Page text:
And as an amazing example of Christ-mindedness, these verses are hard to top. Just as Christ who was without sin, became sin for us and paid the price for us (2 Corinthians 5:21), so Paul offers to pay all that Philemon may be owed for Onesimus’s past sin. he is determined that Onesimus’s account should be cleared and that he should be accepted as a new man. The last half of verse 19 can be read in many ways. It sounds like a veiled threat, that Philemon owes Paul his very self. But is it not true that as Christian brothers and sisters we do indeed owe everything to each other? We should be willing to make any sacrifice – greater love hath no man than this, that a man lay down his life for his friends (John 15:13).

20 Yea, brother, let me have joy of thee in the Lord: refresh my heart in Christ.

21 Having confidence in thine obedience I write unto thee, knowing that thou wilt do even beyond what I say.

Paul speaks of the joy Philemon’s right response will give him. We must remember that Paul is imprisoned. As encouraging as his letters are to their recipients, and as strong as Paul’s faith is, there must be times when his spirit weakens. He must have both good and bad days, and he needs encouragement to lift his spirit, just as we all do from time to time. What an encouragement it will be to Paul, for Philemon to receive Onesimus as his beloved brother. And Paul is so confident that this will happen – even more than he asks. There could be no reason for Paul to use that phrase except that he utterly believes it to be true. This is the final confirmation of Paul’s trust in Philemon’s faith and love.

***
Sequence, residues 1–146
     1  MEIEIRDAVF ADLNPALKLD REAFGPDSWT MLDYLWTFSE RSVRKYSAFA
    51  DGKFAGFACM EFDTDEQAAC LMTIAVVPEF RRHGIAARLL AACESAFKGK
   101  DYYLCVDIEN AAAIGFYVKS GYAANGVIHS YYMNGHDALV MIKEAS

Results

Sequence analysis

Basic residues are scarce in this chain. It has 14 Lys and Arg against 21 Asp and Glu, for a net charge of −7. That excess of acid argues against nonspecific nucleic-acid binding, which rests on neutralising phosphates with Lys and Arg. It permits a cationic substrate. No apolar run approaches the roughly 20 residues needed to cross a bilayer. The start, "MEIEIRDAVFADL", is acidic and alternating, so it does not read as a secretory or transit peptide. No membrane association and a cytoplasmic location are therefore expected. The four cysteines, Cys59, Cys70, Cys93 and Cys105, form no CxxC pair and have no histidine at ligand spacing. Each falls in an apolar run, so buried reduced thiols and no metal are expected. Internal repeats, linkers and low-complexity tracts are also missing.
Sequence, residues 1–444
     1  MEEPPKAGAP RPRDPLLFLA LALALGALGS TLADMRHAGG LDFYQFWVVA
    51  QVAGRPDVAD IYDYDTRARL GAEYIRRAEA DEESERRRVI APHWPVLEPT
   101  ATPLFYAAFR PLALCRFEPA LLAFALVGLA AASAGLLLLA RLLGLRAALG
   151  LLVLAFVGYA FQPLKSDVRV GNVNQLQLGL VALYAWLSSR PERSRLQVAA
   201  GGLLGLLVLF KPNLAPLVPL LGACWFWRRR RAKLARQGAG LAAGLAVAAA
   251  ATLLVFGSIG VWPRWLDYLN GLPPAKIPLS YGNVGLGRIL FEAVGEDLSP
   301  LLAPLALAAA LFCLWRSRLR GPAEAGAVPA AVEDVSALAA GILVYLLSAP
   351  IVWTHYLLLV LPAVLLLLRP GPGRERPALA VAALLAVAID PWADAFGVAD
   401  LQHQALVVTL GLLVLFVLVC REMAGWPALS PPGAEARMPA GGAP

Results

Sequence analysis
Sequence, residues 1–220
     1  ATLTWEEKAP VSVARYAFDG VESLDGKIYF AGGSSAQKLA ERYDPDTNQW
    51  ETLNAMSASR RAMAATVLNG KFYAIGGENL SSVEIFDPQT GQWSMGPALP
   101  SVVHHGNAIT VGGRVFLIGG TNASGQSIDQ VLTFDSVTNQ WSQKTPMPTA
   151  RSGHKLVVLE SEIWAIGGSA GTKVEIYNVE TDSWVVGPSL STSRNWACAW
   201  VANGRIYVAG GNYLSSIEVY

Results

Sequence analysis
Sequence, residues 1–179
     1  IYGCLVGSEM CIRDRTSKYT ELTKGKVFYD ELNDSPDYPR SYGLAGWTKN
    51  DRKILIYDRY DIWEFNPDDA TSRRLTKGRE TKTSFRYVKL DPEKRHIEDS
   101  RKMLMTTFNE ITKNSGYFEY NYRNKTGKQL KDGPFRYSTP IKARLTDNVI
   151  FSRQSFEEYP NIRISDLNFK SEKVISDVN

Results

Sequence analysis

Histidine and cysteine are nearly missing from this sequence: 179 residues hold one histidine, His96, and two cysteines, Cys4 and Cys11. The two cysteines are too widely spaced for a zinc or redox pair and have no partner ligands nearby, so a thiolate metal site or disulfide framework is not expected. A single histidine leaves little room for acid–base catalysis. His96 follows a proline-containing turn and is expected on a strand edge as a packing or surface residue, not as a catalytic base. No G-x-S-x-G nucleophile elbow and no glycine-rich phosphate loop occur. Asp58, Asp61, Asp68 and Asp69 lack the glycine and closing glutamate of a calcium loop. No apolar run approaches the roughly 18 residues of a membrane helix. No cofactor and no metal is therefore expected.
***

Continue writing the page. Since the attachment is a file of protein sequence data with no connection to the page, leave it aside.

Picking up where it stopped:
22 But withal prepare me also a lodging: for I hope that through your prayers I shall be granted unto you.

But just in case Philemon is in any doubt of his own ability to grant Paul’s request, here we have a last push from the apostle. Asking for a guest room to be prepared, because he hopes to be released from prison, and will visit to see how everything has turned out.

5 – Farewell